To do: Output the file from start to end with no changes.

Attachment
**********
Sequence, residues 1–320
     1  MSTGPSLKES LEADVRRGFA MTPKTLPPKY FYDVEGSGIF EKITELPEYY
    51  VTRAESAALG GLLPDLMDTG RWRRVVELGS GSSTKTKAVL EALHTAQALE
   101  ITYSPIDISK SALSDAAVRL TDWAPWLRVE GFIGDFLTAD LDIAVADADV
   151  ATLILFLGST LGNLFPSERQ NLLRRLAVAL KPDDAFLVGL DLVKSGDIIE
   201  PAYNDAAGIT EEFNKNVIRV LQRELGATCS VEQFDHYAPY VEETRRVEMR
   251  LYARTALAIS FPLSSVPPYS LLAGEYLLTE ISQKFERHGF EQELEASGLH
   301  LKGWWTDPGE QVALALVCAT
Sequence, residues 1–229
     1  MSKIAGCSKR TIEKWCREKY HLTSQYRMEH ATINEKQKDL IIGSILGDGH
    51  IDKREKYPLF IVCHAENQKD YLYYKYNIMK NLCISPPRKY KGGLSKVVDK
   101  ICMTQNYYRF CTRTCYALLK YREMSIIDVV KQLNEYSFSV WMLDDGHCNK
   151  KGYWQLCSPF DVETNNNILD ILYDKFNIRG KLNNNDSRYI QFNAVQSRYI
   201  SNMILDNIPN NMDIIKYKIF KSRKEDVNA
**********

Sequence, residues 1–320
     1  MSTGPSLKES LEADVRRGFA MTPKTLPPKY FYDVEGSGIF EKITELPEYY
    51  VTRAESAALG GLLPDLMDTG RWRRVVELGS GSSTKTKAVL EALHTAQALE
   101  ITYSPIDISK SALSDAAVRL TDWAPWLRVE GFIGDFLTAD LDIAVADADV
   151  ATLILFLGST LGNLFPSERQ NLLRRLAVAL KPDDAFLVGL DLVKSGDIIE
   201  PAYNDAAGIT EEFNKNVIRV LQRELGATCS VEQFDHYAPY VEETRRVEMR
   251  LYARTALAIS FPLSSVPPYS LLAGEYLLTE ISQKFERHGF EQELEASGLH
   301  LKGWWTDPGE QVALALVCAT
Sequence, residues 1–229
     1  MSKIAGCSKR TIEKWCREKY HLTSQYRMEH ATINEKQKDL IIGSILGDGH
    51  IDKREKYPLF IVCHAENQKD YLYYKYNIMK NLCISPPRKY KGGLSKVVDK
   101  ICMTQNYYRF CTRTCYALLK YREMSIIDVV KQLNEYSFSV WMLDDGHCNK
   151  KGYWQLCSPF DVETNNNILD ILYDKFNIRG KLNNNDSRYI QFNAVQSRYI
   201  SNMILDNIPN NMDIIKYKIF KSRKEDVNA